# Binomial testing with buttered toast

Rasmus' post of last week on binomial testing made me think about p-values and testing again. In my head I was tossing coins, thinking about gender diversity and toast. The toast and tossing a buttered toast in particular was the most helpful thought experiment, as I didn't have a fixed opinion on the probabilities for a toast to land on either side. I have yet to carry out some real experiments.

Suppose I tossed 6 buttered toasts and observed that all but one toast landed on their buttered side.

Now I have two questions:
• Would it be reasonable to assume that there is a 50/50 chance for a toast to land on either side?
• Which probability should I assume?
If I believe the toast is fair, then the probability for landing on the buttered (B) or unbuttered (U) side is 50%.

The probability of observing one ore more B (right tail event) is:
(gt <- 1-1/2^6)
# [1] 0.984375
and the probability of observing one or fewer B (left tail event) is:
(lt <- 1/2^6*choose(6,1) + 1/2^6)
# [1] 0.109375
while the probability of either extreme event, one or fewer B (or U), is:
2*min(c(gt, lt))
# [1] 0.21875
In summary, if the toast has an equally probability to fall on either side, then there is 22% chance to observe one or fewer B (or U) in 6 tosses. That's not that unlikely and hence I would not dismiss the hypothesis that the toast is fair, despite the fact that the sample frequency is only 1/6.

Actually, the probabilities I calculated above are exactly the p-values I get from the classical binomal tests:
## Right tail event
binom.test(1, 6, alternative="greater")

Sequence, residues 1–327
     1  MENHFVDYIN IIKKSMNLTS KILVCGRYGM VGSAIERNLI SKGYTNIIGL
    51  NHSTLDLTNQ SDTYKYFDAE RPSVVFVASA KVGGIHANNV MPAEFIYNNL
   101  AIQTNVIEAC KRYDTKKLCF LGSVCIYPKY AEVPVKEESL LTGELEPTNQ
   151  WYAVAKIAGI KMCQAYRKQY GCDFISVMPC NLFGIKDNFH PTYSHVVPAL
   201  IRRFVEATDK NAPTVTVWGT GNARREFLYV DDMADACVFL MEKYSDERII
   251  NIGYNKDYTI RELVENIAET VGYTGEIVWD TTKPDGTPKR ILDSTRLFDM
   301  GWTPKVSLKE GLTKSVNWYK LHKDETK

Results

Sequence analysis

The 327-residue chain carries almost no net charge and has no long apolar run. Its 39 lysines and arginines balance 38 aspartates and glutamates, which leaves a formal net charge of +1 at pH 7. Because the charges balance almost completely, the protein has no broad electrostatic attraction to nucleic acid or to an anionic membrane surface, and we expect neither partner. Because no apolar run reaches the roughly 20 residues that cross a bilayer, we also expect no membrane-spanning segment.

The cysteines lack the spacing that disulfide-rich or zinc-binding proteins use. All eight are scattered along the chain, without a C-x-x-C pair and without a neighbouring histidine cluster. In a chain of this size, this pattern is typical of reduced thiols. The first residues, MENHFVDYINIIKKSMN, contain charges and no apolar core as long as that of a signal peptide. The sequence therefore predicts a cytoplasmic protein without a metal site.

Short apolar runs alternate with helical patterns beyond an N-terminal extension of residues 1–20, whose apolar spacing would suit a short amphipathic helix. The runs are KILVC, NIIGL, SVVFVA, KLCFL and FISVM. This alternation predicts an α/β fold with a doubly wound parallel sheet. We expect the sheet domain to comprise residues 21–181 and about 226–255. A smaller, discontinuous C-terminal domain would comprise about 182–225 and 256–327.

## Left tail event
binom.test(1, 6, alternative="less")
## Double tail event
binom.test(1, 6, alternative="two.sided")
Additionally I can read from the tests that my assumption of a 50% probability is on the higher end of the 95 percent confidence interval. Thus, wouldn't it make sense to update my belief about the toast following my observations? In particular, I am not convinced that a 50/50 probability is a good assumption to start with. Arguably the toast is biased by the butter.

Here the concept of a conjugate prior becomes handy again. The idea is to assume that the parameter $\theta$ of the binomial distribution is a random variable itself. Suppose I have no prior knowledge about the true probability of the toast falling on either side, then a flat prior, such as the Uniform distribution would be reasonable. However, the beta distribution with parameter $\alpha=1$ and $\beta=1$ has the same property and is a conjugate to the binomial distribution with parameter $\theta$. That means there is an analytical solution, in this case the posterior distribution is beta-binomial with hyperparaemters:
$\alpha':=\alpha + \sum_{i=1}^n x_i,\; \beta':=\beta + n - \sum_{i=1}^n x_i,$
and the posterior predictor for one trial is given as
$\frac{\alpha'}{\alpha' + \beta'}$
so in my case:
alpha <- 1; beta <- 1; n <- 6; success <- 1
alpha1 <- alpha + success
beta1 <- beta + n - success
(theta <- alpha1 / ( alpha1 + beta1))
# [1] 0.25
My updated believe about the toast landing on the unbuttered side is a probability of 25%. That's lower than my prior of 50% but still higher than the sample frequency of 1/6. If I would have more toasts I could run more experiments and update my posterior predictor.

I get the same answer from Rasmus' bayes.binom.test function:
> library(BayesianFirstAid)
> bayes.binom.test(1, 6)